Twenty-seven patients were enrolled and encouraged to adopt an arginine-restricteddiet. At yearly follow-up visits, diet compliance was monitored by self-reportingand plasma ornithine levels were measured. At the same visits, the primaryoutcome measurements were taken: electroretinogram combined response, electroretinogramflicker response, Goldmann kinetic perimetry, and Humphrey automated staticperimetry. Both eyes were tested, but only data obtained from the right eyewere used for analysis. At the end of follow-up, patients were individuallyidentified as having adhered to the diet to some degree or as not having followedthe diet at all during the study period. Thus, there were 17 patients on thediet who were observed for a total of 236 patient-years and 10 patients noton the diet who were observed for 141 patient-years.

The methods of the primary outcome measures were presented in detailpreviously.2 Briefly, the exponential modelof change proposed by Caruso et al3 impliesthat the log-transformed measures change linearly with time, and the resultantslope is the natural index of rate of change. Slopes for each patient weretherefore estimated from the simple linear regression of log (variable) overtime in years. The 2-sided hypothesis that there was no mean difference inslopes between these 2 groups (on and off diet) was evaluated by analysisof covariance to adjust for differences in age.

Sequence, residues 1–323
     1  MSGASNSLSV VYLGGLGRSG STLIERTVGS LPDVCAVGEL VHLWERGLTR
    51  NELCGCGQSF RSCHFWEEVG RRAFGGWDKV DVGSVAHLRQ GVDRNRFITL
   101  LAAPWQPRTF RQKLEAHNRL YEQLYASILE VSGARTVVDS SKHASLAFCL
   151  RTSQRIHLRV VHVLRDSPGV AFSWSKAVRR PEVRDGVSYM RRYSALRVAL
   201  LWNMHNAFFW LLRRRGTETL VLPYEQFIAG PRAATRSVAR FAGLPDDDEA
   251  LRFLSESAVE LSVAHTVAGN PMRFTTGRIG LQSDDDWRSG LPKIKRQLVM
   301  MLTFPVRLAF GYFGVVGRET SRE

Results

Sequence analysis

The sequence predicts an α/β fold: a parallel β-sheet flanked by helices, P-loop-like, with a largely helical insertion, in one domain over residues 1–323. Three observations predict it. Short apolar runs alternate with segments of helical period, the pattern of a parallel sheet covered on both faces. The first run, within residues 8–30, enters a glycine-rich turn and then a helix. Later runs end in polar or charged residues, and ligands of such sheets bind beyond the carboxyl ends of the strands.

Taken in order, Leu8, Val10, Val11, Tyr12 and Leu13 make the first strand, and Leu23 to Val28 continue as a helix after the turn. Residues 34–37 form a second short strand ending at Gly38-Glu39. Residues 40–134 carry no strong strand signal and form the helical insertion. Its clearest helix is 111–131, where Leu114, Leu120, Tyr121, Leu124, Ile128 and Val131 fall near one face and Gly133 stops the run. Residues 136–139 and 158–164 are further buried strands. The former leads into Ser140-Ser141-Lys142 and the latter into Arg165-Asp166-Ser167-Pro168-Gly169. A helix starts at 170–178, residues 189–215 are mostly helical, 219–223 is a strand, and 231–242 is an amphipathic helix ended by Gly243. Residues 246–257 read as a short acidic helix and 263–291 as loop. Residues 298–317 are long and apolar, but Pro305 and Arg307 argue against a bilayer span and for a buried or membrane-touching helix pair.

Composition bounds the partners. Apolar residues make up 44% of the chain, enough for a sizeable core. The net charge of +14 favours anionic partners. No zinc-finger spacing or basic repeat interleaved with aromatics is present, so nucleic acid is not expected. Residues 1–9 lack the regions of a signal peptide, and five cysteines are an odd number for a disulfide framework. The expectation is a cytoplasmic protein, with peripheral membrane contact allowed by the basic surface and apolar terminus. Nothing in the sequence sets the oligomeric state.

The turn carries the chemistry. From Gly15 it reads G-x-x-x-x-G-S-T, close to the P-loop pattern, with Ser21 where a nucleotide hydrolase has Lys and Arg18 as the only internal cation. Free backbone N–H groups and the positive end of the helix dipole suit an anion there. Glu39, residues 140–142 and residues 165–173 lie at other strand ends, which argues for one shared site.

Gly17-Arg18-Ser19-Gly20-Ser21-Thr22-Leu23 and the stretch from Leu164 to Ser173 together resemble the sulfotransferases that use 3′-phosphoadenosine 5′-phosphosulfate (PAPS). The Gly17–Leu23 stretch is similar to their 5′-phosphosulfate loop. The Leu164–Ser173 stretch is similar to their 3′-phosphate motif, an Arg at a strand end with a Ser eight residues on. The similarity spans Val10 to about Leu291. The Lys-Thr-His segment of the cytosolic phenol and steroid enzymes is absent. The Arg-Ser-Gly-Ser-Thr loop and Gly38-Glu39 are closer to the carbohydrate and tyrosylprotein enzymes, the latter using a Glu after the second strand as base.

Table 1 summarizes patientcharacteristics. Mean follow-up time was comparable between the groups, butthe median age of the patients on the diet was younger at the end of the studyby about 15 years. The serial plasma ornithine measurements were averagedfor each patient, and the resulting means were averaged over the diet groups,weighted by each patient's follow-up time. By this index, ornithine levelsin the off-diet group were twice as high as those in the on-diet group. Thefemale-male ratio was essentially reversed: 14 (82%) of patients on the dietand 2 (20%) not on the diet were female.

The comparisons of primary outcomes are summarized in Table 2. Because the diet groups were discrepant in age, the meanslopes (ie, mean rates of change) of the outcome measures were adjusted forage by analysis of covariance. After adjustment, all were statistically significantlygreater for the off-diet group (P<.05) exceptfor static perimetry (P = .06).